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Mouth Diseases

Spit Gland Pain



What causes this and if there are no stones only swelling and pain, when willthis go away


Not all salivary gland swellings and or obstructions are the result of salivary stones or sialoliths. Although a high percentage are the result of stones, other causes exist.  Blockage of the salivary ductal system can be the result of infection (bacterial or viral), trauma, and anatomical variation (tortuous ducts), or combination of each. There may be other causal events such as tumor invasion that may result in obstruction, but the common ones are listed.

Salivary gland swelling can also be the result of medications that cause reduction of salivary flow, and if the patient is dehydrated, the decrease in salivary flow can be associated with development of secondary bacterial infections (S. aureus).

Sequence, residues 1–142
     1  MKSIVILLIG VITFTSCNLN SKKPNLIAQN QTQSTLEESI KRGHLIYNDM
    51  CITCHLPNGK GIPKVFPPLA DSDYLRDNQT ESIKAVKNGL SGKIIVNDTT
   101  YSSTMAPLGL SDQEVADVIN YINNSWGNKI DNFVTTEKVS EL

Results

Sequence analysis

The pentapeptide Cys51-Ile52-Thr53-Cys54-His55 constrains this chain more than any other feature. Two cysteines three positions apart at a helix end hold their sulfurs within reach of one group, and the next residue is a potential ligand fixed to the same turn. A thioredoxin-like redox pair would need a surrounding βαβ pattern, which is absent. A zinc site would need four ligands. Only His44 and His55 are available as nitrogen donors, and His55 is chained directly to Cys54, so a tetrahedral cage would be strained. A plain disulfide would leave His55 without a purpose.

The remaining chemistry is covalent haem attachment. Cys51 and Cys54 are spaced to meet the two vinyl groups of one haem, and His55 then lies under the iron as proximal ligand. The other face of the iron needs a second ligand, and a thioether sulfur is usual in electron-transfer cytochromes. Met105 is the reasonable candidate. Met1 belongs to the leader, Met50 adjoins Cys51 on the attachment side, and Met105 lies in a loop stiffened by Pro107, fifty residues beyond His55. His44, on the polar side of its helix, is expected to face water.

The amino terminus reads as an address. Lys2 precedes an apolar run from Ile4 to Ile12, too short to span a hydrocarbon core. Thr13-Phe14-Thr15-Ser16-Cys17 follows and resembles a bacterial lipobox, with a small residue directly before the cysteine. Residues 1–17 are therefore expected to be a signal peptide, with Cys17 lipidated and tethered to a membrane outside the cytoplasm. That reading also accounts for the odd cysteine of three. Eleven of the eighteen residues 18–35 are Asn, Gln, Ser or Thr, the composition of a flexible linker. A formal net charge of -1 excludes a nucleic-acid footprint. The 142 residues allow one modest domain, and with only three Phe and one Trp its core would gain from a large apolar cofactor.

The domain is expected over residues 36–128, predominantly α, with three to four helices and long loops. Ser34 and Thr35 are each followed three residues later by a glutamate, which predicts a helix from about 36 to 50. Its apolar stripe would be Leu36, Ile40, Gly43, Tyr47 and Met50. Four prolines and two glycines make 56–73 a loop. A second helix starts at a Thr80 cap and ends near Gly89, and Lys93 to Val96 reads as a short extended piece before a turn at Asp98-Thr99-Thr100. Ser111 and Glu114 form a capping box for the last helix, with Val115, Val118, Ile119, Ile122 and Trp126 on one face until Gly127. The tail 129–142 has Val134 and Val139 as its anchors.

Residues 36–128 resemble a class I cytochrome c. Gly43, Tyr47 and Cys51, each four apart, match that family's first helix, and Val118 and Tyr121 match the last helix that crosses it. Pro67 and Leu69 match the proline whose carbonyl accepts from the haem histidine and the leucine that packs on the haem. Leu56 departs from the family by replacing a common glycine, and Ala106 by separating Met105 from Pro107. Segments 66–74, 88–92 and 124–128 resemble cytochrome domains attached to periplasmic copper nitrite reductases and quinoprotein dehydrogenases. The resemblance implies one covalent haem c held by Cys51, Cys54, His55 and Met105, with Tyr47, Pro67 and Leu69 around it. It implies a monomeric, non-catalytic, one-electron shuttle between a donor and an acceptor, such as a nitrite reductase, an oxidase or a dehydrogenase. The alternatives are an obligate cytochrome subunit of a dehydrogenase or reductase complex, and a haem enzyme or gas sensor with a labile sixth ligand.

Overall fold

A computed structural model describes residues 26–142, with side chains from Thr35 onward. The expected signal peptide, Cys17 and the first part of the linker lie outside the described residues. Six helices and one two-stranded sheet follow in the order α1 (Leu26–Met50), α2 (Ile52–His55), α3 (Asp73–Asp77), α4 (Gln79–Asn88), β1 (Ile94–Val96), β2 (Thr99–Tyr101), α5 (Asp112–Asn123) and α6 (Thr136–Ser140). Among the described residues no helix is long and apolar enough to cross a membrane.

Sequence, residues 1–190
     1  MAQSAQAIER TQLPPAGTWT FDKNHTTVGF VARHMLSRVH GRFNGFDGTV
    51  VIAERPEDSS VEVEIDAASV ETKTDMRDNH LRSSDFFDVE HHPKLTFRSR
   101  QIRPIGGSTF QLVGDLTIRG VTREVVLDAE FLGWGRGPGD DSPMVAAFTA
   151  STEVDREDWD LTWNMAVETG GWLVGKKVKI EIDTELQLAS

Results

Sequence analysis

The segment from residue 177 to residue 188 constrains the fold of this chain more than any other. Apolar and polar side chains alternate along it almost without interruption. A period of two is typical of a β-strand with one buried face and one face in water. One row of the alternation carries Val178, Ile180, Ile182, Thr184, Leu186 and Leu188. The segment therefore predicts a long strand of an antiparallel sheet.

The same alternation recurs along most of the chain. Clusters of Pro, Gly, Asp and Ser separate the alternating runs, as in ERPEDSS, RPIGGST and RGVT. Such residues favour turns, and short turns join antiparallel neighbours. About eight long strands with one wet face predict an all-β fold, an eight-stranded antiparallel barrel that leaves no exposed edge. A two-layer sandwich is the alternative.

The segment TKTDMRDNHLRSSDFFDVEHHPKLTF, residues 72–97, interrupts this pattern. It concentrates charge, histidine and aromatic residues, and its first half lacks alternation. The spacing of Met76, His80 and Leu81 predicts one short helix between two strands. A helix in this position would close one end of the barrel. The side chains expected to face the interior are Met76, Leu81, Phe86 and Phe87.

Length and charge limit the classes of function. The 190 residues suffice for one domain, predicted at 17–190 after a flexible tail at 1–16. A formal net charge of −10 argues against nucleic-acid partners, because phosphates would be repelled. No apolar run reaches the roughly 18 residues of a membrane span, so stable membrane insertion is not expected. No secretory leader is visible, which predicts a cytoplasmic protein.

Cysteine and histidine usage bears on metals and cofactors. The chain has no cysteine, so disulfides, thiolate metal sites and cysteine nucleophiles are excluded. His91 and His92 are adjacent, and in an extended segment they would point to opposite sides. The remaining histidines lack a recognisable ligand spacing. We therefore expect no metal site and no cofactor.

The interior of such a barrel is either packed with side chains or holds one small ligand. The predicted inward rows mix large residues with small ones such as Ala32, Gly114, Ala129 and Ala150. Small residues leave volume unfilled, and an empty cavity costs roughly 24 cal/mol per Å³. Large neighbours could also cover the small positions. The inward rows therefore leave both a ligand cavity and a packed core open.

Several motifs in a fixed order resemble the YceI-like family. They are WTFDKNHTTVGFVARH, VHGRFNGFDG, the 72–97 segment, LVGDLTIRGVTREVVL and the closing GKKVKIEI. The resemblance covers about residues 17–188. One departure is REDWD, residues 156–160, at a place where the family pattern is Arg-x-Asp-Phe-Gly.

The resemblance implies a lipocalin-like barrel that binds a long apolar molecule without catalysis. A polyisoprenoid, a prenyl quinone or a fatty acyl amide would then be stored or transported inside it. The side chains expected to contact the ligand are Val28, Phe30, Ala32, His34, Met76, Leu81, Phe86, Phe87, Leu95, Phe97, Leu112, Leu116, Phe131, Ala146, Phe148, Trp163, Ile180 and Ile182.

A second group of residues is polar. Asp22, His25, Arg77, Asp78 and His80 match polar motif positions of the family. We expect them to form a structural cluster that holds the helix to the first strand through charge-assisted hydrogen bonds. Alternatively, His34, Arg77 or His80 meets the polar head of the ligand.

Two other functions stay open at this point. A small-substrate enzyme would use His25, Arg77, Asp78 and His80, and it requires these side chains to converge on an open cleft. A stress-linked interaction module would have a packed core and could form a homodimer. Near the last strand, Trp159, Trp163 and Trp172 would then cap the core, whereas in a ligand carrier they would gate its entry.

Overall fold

With trauma, blockage is the result of inflammation and edema of the duct and surrounding tissue, temporarily obstructing the flow through the ductal system. As the swelling subsides or the inflammation recedes, flow will become restored.

Finally, salivary gland swelling can be due to other systemic complications that affect the function of the glands; specifically, the parotid glands are implicated in such diseases as diabetes, sarcoidosis, malnutrition and alcoholism and as seen in some HIV/AIDS patients on HAART that develop parotid gland enlargement (acinar hypertophy).    

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Response by:

Richard J Jurevic, DDS, PhD Richard J Jurevic, DDS, PhD
Formerly, Assistant Professor of Biological Sciences
School of Dental Medicine
Case Western Reserve University